She says Peter comes ‘from a generation where you learned to be seen and not heard. He had a lot of problems with that – his mum died at a very young age. My dad has had a lot of sad things happen in his life, but he’s the rock of our family, which can give you a lot of pressure. He’s had to learn to open up about his own problems quite recently, because people talk about mental health now. Although, when I was aged between about ten and 16, there wasn’t any room in the family for his feelings because I was such a nightmare. Me and my mum were always arguing. I was an absolute terror.’
Teenage Lottie took to smoking and getting tattoos. ‘My mum would say, “Go on, then, but don’t come crying to me when there’s no money left in your account because you’ve spent it all on cigarettes.” That tough love worked on me. I had friends whose parents were stricter and said no to everything, and they ended up being the worst kids. But my mum was also big on teaching me about respect, and about racism and gay rights. When it came to my sexuality, she said, “I don’t care who you bring home at the end of the day. Whatever makes you happy, you do it, and whoever you want to be with, that’s fine with me” – and it’s so nice to have that.’
Aged 13, Lottie was one of the bridesmaids at Kate’s 2011 wedding to musician Jamie Hince, alongside Kate’s daughter Lila, whom Lottie describes as ‘my niece, but she’s like a little sister. I can’t believe she’s about to turn 17! I remember playing Sylvanian families with her and now she’s a moody teenager. But seriously, she’s still the sweetest girl.’ Mario Testino’s photographs of the wedding were published in Vogue, and Peter Moss soon got a call from Sarah Doukas, the founder of Storm and the woman famed for discovering Kate, to say they now had their eye on his youngest child. I wonder if this was a problem for him, but Lottie insists not.
‘He was the one who was there with Kate when she was scouted in the airport at 14. She had known Sarah since then and he trusted her. My brother [Nick] used to model for Storm, too, so Sarah was, like, “Honestly, Peter, you should just box up your genes and give them to us.”’
Not that Lottie’s mum, whose Scandinavian looks are evident in her daughter, is entirely happy about being relegated from the story. ‘When I was younger people used to say I looked like my dad. They would say, “Oh Peter, you have such beautiful children” and she’d be going, “I have something to do with this, too!”’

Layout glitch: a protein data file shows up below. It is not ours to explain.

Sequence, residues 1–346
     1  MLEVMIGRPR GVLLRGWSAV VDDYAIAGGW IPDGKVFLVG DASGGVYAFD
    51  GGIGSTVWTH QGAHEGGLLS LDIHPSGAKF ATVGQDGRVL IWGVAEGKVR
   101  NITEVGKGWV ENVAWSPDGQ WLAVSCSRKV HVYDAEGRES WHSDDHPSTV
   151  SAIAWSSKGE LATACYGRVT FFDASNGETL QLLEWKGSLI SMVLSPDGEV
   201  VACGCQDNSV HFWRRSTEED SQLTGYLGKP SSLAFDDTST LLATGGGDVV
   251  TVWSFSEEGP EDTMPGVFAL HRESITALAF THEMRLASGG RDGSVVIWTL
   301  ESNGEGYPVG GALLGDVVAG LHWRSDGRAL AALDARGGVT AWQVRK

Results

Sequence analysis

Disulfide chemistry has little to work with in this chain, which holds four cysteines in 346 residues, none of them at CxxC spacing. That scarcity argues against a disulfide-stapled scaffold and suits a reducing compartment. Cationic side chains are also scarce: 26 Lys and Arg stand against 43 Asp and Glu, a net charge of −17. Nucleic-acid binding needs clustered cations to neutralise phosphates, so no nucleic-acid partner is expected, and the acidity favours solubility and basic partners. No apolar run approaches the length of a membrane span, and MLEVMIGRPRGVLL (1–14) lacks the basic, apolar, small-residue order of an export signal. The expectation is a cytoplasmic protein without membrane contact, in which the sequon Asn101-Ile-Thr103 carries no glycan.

If this sounds immodest, Lottie is quick to stress that she doesn’t think of herself as particularly stunning. ‘I get so embarrassed some days when I say I’m a model. Sometimes I say it to people and I see them going, “Ohhh, right… really?” She motions someone turning away, mistrustfully. ‘Well, they probably don’t actually say that,’ she’s laughing now, ‘but in my head, they do. They think I’m lying.’
Yet not only has she worked for top designers such as Bulgari, Sonia Rykiel and House of Holland, she has also been working on some fashion collections of her own, using pinboards of inspiration images, swatches of her favourite looks and help from designers to put her name to brands. Her main work is currently with PacSun, a US brand with whom she has produced a West Coast-inspired range of clothes. Lottie describes it as a very ‘California girl’ look: sweet and cutesy shorts, tops, floral dresses. It’s aimed at younger adults and teenagers. ‘It’s not too sexy. We wanted people’s parents to be willing to buy it for their kids, so it’s not inappropriate.’
If you follow Lottie’s own looks on social media, you will see she has clearly been more influenced by growing up under Paris Hilton and Kim Kardashian’s aesthetics than her sister’s rock ’n’ roll style. Lottie posts photos in sexy, skimpy stuff, though she tells me that she dresses ‘differently all the time. Sometimes I’m quite grungy, sometimes I only wear very girly things. I have alter egos.’
During our conversation, she is wearing jogging bottoms and a cropped cardigan top with nothing on underneath, meaning I get a view of bare boobs every time she tips back her head. Plus a good view of the row of birds tattooed beneath her left breast, the design for which she has also used on her Minnetonka moccasin shoe range. ‘I put the same little bird on them, and I’ll wear those shoes to go to the park, walk my dog. They’re very comfortable.’